Eight Second Eternity

I separate myself, as best I can, from the commotion.  Above me, an unseen announcer welcomes the crowd.  His inane drivel magnified by cone-shaped speakers is intermittently mixed with old country songs played too loud.  Around me, there is a confusion of alleys, pens, and box like chutes.  The maze is made of two by eight boards and one inch piping.  Dozens of men and a few women, all wearing hats and boots hustle back and forth past me in the confined space.  I keep my feet clear.  I sit on the ground, in the shade of the announcing stand, to buckle and then tie with leather strips the spurs to my boots.  My boots slit up the front and the back, are dyed red, white, and blue.  They are my lucky boots.  The leather strips hold the spurs to the boots, and my boots to my feet.

I stand, squat, and stand again, as I determine if the boots are tight, but don’t pinch.  My stomach churns with anticipation.  I discover my breathing is shallow and I tell myself it’s not fear, just trying to keep the dust out of my nose.  I squat and stand again.

From a dirty and beat up duffel, my war bag, I take my chaps.  Full length, leather, buckle in the back, out of the way.  The main color is white, trimmed with red and blue.  Hey, I’m nothing if not coordinated.  Along the length of the legs, run fringes colored bright red.  It’s not a sign of patriotism, I intend to catch and hold the eyes of the judges.  They must see the placement of my boots and the action of my spurring.  It’s the only way to get a good score; a winning score, even a placing score would be gratefully received.

Again, to my war bag, where I remove my riding rigging, and my rosin bag, an old sock partially filled with the sticky, dry powder and tied closed at the tube end.  I tug a leather glove onto my left hand.  The calfskin colored protection is stained almost black through the palm and along the knuckles.

I smile to myself.  This ain’t my first rodeo.

I powder the handhold of the rigging, an over-sized suitcase handle made of leather and rawhide, and massage the “stick-um” in.  As the rosin heats, it grabs my gloved hand.  It tries to lock the glove in place, just the way I like it.  I remove the glove, roll it to keep dirt from the palm and stick it in my pants at the belt-line.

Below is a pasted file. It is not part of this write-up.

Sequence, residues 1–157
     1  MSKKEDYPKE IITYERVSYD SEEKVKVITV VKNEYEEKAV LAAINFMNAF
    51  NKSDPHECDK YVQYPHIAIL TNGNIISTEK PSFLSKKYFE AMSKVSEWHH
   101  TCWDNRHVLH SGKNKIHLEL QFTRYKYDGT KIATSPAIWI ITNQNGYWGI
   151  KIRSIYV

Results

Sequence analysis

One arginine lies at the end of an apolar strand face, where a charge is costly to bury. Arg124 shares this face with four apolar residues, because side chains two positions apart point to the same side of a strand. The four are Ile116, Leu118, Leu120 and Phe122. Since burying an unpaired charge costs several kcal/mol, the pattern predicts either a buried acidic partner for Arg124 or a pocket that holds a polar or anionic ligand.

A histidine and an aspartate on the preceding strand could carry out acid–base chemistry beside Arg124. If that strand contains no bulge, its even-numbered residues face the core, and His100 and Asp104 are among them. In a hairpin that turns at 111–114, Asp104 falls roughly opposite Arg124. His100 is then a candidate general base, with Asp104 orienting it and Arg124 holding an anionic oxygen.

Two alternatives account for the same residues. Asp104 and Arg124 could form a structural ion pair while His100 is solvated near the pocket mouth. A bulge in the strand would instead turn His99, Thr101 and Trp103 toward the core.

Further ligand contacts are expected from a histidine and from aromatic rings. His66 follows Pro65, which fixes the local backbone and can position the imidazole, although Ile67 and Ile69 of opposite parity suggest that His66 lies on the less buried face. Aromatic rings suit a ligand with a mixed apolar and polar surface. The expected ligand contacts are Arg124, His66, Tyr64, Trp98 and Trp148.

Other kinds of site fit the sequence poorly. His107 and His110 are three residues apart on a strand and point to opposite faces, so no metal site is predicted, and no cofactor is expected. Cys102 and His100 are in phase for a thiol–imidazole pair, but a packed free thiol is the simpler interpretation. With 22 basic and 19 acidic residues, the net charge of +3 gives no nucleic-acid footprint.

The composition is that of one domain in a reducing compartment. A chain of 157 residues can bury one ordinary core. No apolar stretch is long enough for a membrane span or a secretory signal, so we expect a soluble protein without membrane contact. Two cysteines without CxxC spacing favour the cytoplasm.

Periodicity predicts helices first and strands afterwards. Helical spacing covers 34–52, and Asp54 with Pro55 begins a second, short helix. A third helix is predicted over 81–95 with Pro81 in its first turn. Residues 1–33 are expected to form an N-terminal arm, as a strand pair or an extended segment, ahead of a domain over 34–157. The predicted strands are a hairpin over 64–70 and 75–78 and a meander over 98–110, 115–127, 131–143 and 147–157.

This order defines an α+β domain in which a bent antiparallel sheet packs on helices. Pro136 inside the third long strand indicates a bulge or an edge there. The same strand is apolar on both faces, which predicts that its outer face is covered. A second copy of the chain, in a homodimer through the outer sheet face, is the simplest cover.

My stomach is sour; I wished I hadn’t eaten the hot dog.  I should have known better.  I’m queasy and I turn and spit into the fine dust.  A small explosion puffs where the spittle lands.  I don’t feel any better.

I stand, close my eyes, and sway as I try to imagine the ride.  I’ve drawn this horse before.  I know he breaks fast, clears by two jumps, and sucks to the right.  I’ve tried three times to ride this horse and each time, we’ve parted company when he sucked back to the right.  Not tonight.  Not this time, I will be ready for him.

A stream of horses trot past me, and gates are closed behind them.  They stamp their feet, snort, and look through the boards to study the men who will soon be trying to make money by riding them for eight seconds.

My draw is colored dirty buckskin and we stare at each other through the boards.  He snorts and shakes his head.  “Not tonight,” he’s telling me.

“The hell I won’t,” I respond.

The men who run the chutes help me put my rigging in place.  Once it’s secured, I put on my glove, climb over the top of the box-like pen, and slide a leg along each side of the horse.  He snorts at me again.  My jitters have left me and the pump that runs through me makes me feel strong and powerful, strong enough to ride this horse holding on with one hand for eight seconds.

Doesn’t sound like much does it?

I work my hand deep into the handle, the “stick-um” requiring some effort.  I place my hand and close it around the handle.  My grip is solid and I pound it into place with my off hand.  I lower myself and scoot forward, lean back, pull my hat tight onto my head, and watch the buckskin’s ears.  When they face forward, I call for him.

The chute man opens the gate and the world explodes under me.  My feet are placed correctly; “marking” it’s called, though no marks are left.  My left hand secure, my right arm waves for balance and my spurring is in time with the lunges of the horse.  I got myself a ride.

One jump, two jumps, I’m ready for his suck back.  I anticipate and force a small lean to the right.  He goes left.  My hand is ripped from the handle.  My spurring kicks seem as if they are wasted efforts trying to fly.  I hit, hard; it takes my breath.  I bounce, roll, and I’m on my behind, and my legs are spread before me.  The buckskin is still kicking and showing me his belly.  He runs once around the arena, a victory lap, I think and he shakes his head as he passes me in a, “I told you so” manner.  He flicks his tail and heads to his pen for supper.  His workday, all four seconds of it, is over.  He’ll get two days off.

I get to my feet, dust off my butt, and hear the announcer ask the crowd to give me applause.  “All that cowboy gets tonight is what you give him,” he intones.  I find my hat, shake dust from it, and want to glare at the announcer.  Instead, I wave at the crowd.

I walk back to the chutes and wonder, “Where am I going to find gas money?”

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